What Happens to Gift Cards if a Franchise Goes Out of Business?
Successful franchise business consultant shares expertise on what happens to gift cards when a franchisee declares bankruptcy or goes out of business.
What is a Franchise Business?
I recently sat down with Brandon Neilson, founder of White Mark Development, to better understand how gift cards work when a store or restaurant is a franchised business. If you’re not familiar with what a franchise business is, the term franchise refers to “a method of expanding a business and distributing goods and services through a licensing relationship.”
Many companies use the franchise model to expand or scale their businesses. Some of the most popular franchise businesses include restaurants like McDonalds, Subway and Domino’s Pizza and non-food merchants like Great Clips, UPS Store, and several popular hotels.
As a consumer, I don’t always know (or care) if a particular location is franchised. If I go into a Subway shop, for example, I expect the store to look like all the other Subway stores I’ve been to, to accept the same Subway gift card in my wallet and to make the same Subway Italian B.M.T. I normally order. And frankly, Subway wants that uniformity for me as well.
Though the stores may all look and feel the same, since each franchised business is run by a separate entity, accounting for gift cards can be a little tricky.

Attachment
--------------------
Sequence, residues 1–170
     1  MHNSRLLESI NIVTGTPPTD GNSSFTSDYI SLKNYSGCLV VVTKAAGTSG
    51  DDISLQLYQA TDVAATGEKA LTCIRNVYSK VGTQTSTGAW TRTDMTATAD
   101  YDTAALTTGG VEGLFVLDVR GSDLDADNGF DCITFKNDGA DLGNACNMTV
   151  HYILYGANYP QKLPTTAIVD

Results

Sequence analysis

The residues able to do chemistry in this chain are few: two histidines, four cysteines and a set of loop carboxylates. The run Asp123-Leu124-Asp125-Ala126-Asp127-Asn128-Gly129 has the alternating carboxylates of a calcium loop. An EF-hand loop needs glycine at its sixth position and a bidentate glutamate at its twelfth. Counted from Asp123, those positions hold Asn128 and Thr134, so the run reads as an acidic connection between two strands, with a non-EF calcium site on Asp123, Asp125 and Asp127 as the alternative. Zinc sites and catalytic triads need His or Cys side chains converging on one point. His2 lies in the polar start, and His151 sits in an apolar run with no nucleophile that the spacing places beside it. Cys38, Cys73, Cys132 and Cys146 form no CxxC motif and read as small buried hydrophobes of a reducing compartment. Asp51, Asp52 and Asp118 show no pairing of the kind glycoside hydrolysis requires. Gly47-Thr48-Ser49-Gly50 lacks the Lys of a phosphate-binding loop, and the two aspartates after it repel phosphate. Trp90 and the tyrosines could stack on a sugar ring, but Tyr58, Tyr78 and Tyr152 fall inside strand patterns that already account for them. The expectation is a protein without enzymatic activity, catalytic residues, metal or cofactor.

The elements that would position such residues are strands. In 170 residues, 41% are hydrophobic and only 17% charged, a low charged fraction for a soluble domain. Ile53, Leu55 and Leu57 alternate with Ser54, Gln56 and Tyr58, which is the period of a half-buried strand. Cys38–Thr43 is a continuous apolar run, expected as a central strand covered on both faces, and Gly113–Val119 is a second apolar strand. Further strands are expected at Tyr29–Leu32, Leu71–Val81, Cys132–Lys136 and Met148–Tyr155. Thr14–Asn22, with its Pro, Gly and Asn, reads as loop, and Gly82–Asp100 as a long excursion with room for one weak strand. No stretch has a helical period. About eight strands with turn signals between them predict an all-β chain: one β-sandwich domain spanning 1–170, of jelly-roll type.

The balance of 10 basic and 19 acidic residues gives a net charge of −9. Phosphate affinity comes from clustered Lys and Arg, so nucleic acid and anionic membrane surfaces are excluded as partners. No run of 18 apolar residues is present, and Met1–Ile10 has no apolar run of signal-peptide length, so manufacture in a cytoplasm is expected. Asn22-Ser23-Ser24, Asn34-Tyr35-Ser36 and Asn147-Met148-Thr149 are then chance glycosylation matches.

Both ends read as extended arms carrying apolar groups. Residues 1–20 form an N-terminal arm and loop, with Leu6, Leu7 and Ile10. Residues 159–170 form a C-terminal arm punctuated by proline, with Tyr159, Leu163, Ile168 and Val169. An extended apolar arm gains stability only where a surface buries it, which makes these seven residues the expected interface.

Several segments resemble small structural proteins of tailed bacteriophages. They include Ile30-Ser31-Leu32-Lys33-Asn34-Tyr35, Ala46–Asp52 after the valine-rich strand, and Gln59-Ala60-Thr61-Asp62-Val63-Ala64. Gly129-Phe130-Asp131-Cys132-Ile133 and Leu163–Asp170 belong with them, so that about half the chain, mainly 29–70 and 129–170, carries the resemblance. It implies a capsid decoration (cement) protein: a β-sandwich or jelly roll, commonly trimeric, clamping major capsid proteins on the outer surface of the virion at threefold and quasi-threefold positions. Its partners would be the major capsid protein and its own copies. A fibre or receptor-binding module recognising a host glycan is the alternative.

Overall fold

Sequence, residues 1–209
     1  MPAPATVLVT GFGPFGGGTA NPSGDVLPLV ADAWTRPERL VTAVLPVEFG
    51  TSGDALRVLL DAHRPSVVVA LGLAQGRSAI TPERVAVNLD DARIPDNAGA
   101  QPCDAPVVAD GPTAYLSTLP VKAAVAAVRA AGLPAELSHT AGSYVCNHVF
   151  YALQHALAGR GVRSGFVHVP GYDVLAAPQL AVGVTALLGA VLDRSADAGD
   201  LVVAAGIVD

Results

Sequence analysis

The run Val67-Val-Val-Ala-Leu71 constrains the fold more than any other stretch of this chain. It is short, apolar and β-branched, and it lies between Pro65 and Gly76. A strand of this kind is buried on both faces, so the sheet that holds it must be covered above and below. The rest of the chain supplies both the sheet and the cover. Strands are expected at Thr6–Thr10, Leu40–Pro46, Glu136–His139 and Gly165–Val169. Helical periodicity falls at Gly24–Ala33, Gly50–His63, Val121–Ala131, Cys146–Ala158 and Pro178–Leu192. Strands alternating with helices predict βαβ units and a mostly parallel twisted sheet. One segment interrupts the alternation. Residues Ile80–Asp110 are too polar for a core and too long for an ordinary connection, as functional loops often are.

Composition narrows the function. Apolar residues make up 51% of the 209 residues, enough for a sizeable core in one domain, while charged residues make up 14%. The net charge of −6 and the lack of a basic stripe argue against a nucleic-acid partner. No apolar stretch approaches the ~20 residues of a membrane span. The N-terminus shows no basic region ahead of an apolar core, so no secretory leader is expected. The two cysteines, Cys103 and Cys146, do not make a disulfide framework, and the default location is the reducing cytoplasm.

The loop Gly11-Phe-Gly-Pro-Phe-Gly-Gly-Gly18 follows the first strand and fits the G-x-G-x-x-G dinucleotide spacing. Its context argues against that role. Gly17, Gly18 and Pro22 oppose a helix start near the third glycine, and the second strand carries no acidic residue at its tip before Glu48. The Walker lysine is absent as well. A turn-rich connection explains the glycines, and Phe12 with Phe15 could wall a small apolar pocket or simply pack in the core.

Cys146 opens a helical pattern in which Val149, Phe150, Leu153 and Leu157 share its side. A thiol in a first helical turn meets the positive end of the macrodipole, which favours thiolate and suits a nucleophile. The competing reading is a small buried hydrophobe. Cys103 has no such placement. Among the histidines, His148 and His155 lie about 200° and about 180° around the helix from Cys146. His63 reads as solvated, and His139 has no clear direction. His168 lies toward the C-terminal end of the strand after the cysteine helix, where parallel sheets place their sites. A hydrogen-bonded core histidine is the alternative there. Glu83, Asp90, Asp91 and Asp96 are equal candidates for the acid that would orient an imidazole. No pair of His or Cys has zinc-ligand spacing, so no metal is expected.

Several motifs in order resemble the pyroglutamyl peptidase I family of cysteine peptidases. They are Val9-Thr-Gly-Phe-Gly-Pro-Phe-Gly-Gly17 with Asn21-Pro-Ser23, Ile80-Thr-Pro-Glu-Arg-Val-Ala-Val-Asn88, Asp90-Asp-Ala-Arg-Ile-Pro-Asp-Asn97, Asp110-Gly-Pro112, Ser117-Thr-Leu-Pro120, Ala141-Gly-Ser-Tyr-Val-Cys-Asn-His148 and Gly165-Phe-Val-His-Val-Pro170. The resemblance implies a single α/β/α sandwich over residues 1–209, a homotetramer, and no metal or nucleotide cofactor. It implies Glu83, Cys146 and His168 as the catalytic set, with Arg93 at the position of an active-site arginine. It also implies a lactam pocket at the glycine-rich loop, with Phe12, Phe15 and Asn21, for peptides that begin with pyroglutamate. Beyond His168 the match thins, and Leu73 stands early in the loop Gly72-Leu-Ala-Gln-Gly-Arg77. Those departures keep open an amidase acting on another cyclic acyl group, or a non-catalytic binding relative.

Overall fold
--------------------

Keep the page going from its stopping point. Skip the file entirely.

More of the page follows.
How Do Gift Cards Work in a Franchise Business?
Franchise business owners operate as separate entities from the franchisor. Each franchisee has to lease retail or restaurant space for the new business, build out the site, get cash registers, hire employees, set up accounting and payroll systems, and so forth. The franchisor is available to help and often has a template or turnkey system that the franchisee can (or must) follow, but ultimately each franchisee is responsible for his or her business.
When it comes to gift cards, however, the franchisor’s gift card system must ensure that gift cards issued at one location will work in another. Though I am not privy to the actual books at each company and businesses operate differently anyway, but the basic flow is this:
- Purchase: Customer buys a gift card from Store A and gives the gift card to a friend.
- Redemption: The friend redeems the gift card at Store B.
- Reconciliation: The corporate accounting system ensures the redeemed amount is transferred from Store A to Store B.
- Non-Use: The unused portion of the gift card could eventually become revenue for Store A, escheat to the state, be deemed unclaimed property for the customer, or any number of other outcomes depending on where the business is located.
This is obviously a simplistic view of how gift cards work when a business is part of a franchise. Exactly how money transfers from one franchisee owner to another is something each corporation handles and I’m sure the accountants for each entity are involved every step of the way. But in general, gift cards to franchised businesses work across locations so consumers do not have to worry about whether or not a gift card purchased from one franchisee will be accepted by another.